The European Commission has lost patience with the Irish government in a dispute over its anti- pollution regulations, in particular over removing asbestos from buildings. It will now launch a case at the European Court of Justice.
Last year Dublin promised Brussels it would reform its rules in line with the eu Asbestos Directive, after the commission issued a Reasoned Opinion - a formal note threatening legal action at the court. But no reforms have yet been passed and the commission has decided to go to the court, which has the power to order the Irish Republic to comply and impose substantial recurring fines of around £100,000-a-day if it refuses. The commission claims that although existing Irish health and safety law gives some measure of protection to construction workers, it 'fails to adequately address environmental risks in asbestos removal' to the general public.
Directive 87/217/eec says eu member states must ensure that 'the demolition of buildings, structures and installations containing asbestos and the removal of asbestos or materials containing asbestos ... do not cause significant asbestos environmental pollution.'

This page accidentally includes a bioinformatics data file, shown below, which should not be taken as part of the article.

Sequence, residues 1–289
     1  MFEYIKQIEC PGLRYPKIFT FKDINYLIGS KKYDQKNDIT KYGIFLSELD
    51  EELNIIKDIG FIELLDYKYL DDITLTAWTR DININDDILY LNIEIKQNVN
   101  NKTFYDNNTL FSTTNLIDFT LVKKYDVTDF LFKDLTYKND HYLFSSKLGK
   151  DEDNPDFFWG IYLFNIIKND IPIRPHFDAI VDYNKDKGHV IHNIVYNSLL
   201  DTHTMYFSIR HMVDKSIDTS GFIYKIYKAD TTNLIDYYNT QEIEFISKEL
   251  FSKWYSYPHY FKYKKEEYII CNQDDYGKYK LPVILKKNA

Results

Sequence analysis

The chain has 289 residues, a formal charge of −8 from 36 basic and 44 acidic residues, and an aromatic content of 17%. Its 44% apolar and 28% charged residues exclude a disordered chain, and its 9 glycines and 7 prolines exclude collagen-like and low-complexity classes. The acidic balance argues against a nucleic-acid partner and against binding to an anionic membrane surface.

eu environment commissioner Margot Wallstrom said: 'This case shows that protecting human health and caring for the environment are twin objectives which go hand-in-hand.'
A spokeswoman for Ireland's department of labour, trade and consumer affairs said that a regulation that would satisfy the commission was being considered by Ireland's Attorney General.